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HF Antenna On 707-100s  
User currently offlineExitrowaisle From United States of America, joined May 2000, 264 posts, RR: 0
Posted (6 years 3 months 3 weeks 4 days 18 hours ago) and read 4362 times:

I've seen this topic discussed but not sure if it was answered: both American Airlines and TWA had some 707s with the HF mast antenna on the tail, and some that didn't. I read in another post that all the 707-123s (AA) had the antenna originally, even though the domestic planes didn't need HF. My question is, why did AA and TWA have both types of tail on their domestic 707-100s? Did they all start out with tail antennas, with some removed later? If so, why, and why not all? Thanks!

7 replies: All unread, jump to last
 
User currently offlineViscount724 From Switzerland, joined Oct 2006, 25652 posts, RR: 22
Reply 1, posted (6 years 3 months 3 weeks 4 days 17 hours ago) and read 4331 times:

Related question. Some 707s, as far as I can tell only the R-R Conway-powered -420 series, also had a probe antenna on the right wingtip in addition to the one on the tail. All sources I can find refer to the wingtip antenna as an HF antenna. If that's the case, why two HF antennas, assuming the one on the tail was also HF? Both antennas are visible in the following photos of BOAC, Lufthansa and El Al 707-420s, but it's also on -420s of the other original customers for that model (Air India and Varig). I can't find it on photos of any other 707 models.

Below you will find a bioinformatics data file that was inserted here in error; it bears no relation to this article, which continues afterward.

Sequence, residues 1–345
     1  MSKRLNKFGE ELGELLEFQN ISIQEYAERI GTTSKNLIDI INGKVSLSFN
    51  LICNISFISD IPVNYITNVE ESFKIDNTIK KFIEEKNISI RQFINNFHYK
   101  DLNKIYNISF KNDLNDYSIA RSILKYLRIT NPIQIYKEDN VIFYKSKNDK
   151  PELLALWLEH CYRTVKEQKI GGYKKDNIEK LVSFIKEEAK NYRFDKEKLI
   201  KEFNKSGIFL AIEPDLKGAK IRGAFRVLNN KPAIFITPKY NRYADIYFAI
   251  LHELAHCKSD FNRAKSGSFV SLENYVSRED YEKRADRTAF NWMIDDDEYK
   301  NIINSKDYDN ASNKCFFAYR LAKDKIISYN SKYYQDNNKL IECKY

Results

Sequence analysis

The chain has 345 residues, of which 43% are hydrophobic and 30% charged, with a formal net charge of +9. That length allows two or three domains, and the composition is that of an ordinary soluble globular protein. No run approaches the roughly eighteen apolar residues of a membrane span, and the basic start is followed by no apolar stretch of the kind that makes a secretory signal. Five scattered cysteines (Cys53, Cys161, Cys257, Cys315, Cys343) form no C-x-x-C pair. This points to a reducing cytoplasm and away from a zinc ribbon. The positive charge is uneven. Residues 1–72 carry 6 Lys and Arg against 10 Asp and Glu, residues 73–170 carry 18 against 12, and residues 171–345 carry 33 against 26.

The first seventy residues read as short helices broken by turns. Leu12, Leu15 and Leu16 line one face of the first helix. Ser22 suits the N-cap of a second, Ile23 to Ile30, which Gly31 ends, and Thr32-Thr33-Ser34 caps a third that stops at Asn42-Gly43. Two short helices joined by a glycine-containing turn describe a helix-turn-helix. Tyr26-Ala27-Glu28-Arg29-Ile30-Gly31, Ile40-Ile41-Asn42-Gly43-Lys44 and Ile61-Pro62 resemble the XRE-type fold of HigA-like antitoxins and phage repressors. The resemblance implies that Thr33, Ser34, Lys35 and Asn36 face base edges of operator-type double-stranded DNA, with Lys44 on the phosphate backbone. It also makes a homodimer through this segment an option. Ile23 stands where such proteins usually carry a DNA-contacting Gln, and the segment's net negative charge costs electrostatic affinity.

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Photo © Jean-Pierre Bonin
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Photo © Jean-Pierre Bonin



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Photo © Jean-Pierre Bonin



User currently offline411A From United States of America, joined Nov 2001, 1826 posts, RR: 8
Reply 2, posted (6 years 3 months 3 weeks 3 days 18 hours ago) and read 4252 times:

Two HF antennas were installed on some B707's for redundancy, as many air routes at the time absolutely required dual HF installations...IE: two HF radios, dual antenna couplers, dual antennas (the latter was a customer option).
IF you have only one HF antenna, and it becomes inop for whatever reason, HF transmissions would therefore not be possible.


User currently offlineImperialEagle From United States of America, joined Jan 2006, 2630 posts, RR: 23
Reply 3, posted (6 years 3 months 3 weeks 2 days 20 hours ago) and read 4184 times:



Quoting 411A (Reply 2):
Two HF antennas were installed on some B707's for redundancy

Correct.

I agree----I think all the -420's had them, however there were some (pure-jet) 320's with them too (AF and SN), and some specialized -137's had them-----some of them with one on each trailing wingtip rather than protruding forward.



"If everything seems under control, you're just not going fast enough!"